Peter Solan – Prípad Barnabáš Kos
According to his own words, Peter Solan became a film director by sheer coincidence: due to interrupted medicine studies and a post-war cinema in Banská Bystrica. Later he recalled how he was fascinated by American films by such directors as Frank Capra, John Ford, or William Wyler. In 1949, he began his studies in film direction at FAMU in Prague where Soviet films were very much debated (mainly those by Vsevolod Pudovkin, Grigori Aleksandrov).
In 1953, Solan started working at Koliba studios in Bratislava where he, at first, had to carry out various compulsory tasks – making short documentary films, film portraits (Fraňo Kráľ, Railway Track), fiction propaganda films (The Man Who Knocks) et al. Over the course of his career he mostly worked with two scriptwriters: novelist and playwright Peter Karvaš (The Devil Never Sleeps, The Barnabáš Kos Case, A Little Survey, Seven Witnesses), and scriptwriter and novelist Tibor Vichta (The Boxer and Death, A Face in the Window, Before Tonight is Over, Only a Note of the Field Post). Together with directors Štefan Uher, Martin Hollý, Eduard Grečner, and those of younger generation, Dušan Hanák, Elo Havetta and Juraj Jakubisko, he became a pivotal auteur figure of Slovak cinema of the 1960s. Personal integrity and effort not to participate in public lies (in faking improved reality) became a common thread running through their work.
For Solan, cinema was a means to his search for uniqueness and non-obviousness of human behaviour, of the process of decisionmaking and mechanics of acting – whether it is Komínek, a boxer who fights for his life in a ring of the concentration camp (The Boxer and Death), or a mother who decides about the fate of her disabled child (A Little Survey). He cared for openness (discrepancies) of perception of the state of things, for incessant questioning parameters of personal responsibility. One of his main themes was the self-defence mechanism of human dignity. A discrete film direction, developing an unobtrusive ”style of suspense“ and intensification of filmic testimony about strengths and weaknesses of a human being in borderline situations were basic attributes of Solan’s cinematic style. He didn’t rely on pomposity, controversy or trends, he was only making quiet films.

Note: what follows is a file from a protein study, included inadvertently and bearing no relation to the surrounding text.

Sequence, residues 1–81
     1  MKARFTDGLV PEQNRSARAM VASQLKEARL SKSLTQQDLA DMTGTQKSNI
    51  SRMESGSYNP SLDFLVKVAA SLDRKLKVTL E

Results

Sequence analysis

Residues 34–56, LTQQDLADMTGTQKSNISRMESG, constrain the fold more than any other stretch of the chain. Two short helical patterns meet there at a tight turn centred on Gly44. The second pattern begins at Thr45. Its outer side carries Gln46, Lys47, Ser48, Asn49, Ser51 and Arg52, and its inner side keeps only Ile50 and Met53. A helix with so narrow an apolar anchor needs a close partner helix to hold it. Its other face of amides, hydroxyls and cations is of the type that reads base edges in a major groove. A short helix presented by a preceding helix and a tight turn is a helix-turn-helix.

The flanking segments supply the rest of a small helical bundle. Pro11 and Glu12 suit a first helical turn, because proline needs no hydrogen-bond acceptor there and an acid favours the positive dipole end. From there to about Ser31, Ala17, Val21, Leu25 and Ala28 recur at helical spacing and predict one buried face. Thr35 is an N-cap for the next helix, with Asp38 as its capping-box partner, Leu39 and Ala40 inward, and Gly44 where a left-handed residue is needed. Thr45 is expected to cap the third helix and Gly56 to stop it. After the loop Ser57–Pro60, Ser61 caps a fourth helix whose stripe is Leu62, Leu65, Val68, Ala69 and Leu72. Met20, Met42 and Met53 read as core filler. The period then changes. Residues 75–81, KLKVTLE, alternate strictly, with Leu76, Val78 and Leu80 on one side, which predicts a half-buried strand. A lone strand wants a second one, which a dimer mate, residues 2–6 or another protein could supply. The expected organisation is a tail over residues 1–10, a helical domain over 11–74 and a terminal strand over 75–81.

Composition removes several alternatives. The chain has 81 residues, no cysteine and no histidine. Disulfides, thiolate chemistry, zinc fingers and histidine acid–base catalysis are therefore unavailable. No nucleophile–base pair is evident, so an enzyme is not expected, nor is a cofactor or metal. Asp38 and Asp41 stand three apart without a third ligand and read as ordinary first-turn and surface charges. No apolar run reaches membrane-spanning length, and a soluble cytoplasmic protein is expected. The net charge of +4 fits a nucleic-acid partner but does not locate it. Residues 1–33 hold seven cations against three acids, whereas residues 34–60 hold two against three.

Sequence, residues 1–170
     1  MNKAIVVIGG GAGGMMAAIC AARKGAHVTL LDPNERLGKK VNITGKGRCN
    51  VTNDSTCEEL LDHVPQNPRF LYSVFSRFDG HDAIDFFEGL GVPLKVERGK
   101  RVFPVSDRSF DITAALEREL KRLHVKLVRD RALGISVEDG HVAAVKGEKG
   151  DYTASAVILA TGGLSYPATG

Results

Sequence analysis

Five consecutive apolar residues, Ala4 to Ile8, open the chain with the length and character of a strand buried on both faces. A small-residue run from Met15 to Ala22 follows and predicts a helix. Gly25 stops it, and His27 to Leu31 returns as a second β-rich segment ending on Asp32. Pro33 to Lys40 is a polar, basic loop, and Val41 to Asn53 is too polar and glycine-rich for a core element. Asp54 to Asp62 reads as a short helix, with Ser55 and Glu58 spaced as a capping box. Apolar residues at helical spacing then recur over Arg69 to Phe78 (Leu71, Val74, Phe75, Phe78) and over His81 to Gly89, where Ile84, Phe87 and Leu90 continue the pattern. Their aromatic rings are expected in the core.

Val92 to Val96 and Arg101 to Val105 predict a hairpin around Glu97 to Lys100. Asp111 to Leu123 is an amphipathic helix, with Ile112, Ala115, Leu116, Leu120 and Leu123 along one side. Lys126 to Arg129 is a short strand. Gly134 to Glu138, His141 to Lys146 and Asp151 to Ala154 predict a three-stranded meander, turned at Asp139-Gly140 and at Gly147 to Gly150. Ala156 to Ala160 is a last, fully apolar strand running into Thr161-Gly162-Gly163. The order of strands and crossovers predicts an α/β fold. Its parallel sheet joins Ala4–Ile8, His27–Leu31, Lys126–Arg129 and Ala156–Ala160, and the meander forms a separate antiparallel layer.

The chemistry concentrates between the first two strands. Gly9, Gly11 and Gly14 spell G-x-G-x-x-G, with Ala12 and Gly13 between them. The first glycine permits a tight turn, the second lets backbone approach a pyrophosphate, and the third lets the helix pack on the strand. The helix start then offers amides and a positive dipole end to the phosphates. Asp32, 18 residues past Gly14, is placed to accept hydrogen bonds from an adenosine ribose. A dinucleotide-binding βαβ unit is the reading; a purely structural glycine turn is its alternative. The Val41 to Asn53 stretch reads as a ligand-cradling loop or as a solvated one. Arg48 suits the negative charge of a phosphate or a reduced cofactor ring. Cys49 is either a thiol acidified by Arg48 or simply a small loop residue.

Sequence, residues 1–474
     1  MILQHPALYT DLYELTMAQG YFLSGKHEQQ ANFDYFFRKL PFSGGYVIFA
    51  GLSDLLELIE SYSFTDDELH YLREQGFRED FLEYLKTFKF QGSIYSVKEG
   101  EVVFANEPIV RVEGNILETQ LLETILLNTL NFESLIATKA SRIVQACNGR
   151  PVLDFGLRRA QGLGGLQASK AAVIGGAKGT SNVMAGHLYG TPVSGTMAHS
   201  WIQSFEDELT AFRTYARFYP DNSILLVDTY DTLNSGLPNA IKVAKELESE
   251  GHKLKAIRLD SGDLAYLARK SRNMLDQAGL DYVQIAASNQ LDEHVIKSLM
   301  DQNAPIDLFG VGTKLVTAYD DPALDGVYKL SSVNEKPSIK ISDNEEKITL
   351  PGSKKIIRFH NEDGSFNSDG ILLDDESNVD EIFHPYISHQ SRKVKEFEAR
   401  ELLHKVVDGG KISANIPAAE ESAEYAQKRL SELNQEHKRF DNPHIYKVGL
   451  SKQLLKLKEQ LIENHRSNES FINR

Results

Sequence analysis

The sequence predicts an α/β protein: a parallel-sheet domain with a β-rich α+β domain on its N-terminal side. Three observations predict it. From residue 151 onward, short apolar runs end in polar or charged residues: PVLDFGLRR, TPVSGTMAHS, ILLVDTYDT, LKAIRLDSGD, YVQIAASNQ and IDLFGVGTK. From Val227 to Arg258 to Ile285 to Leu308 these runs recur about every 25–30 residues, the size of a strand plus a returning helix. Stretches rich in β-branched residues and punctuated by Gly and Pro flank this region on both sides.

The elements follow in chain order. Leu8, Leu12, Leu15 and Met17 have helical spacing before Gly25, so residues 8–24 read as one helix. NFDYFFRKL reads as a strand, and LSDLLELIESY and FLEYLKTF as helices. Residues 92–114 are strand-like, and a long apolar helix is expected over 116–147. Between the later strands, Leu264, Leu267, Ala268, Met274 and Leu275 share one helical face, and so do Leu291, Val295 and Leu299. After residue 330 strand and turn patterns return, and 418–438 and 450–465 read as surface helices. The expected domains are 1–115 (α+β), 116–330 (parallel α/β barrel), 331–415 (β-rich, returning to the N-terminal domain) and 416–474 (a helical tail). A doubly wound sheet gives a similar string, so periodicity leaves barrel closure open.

The Barnabáš Kos Case, the second and last satirical film in Solan's oeuvre, is based on a short story by Peter Karvaš. Initially, the story about triangle player and incapable careerist Barnabáš Kos, was to be made at Barrandov studios in Prague (1954 – 1956). However, the studio dropped the project. The second attempt came in spring 1958. Much too brave and much too critical was this look at incompetence of political interference in artistic work and its management. The project was banned by one of the intentionally targeted – an inept bureaucrat in charge of the culture management – director of Slovak State Film Company, Pavol Dubovský. Solan returned to the project in 1963, in a completely different political, cultural and societal climate, and delivered the film a year later. When adapting the short story with Peter Karvaš and Albert Marenčin, he drew inspiration from poetics of absurdist theatre and works by Franz Kafka. Karvaš’s initial satirical mockery of the Kos paradox (an incompetent person becoming director) was further deepened by Solan and Marenčin through depiction of infallibility and exclusivity of overgrown bureaucratic apparatus. Peter Solan made the film about Barnabáš Kos as a case study about invincibility of absurdity. It recalls his years-long struggles for creative freedom (The Boxer and Death, 1958 – 1962; Before Tonight is Over, 1957 – 1965). As time went by, the voices doubting the Kos Case adaptation as a meaningless anachronism have become louder and louder. However, new cases only confirm the story is still relevant and up to date.
PETER SOLAN (1929 — 2013)
Director's filmography (selection):
1984 – About Fame and Grass
1982 – Anticipation
1979 – And I’ll Run to the End of the World
1970 – Master Did Not Ask for Anything
1968 – Dialogue 20 40 60 (the second story in the film)
1965 – Before Tonight is Over
1964 – The Barnabáš Kos Case
1963 – A Face in the Window
1962 – The Boxer and Death
1959 – The Man Who Never Returned
1956 – The Devil Never Sleeps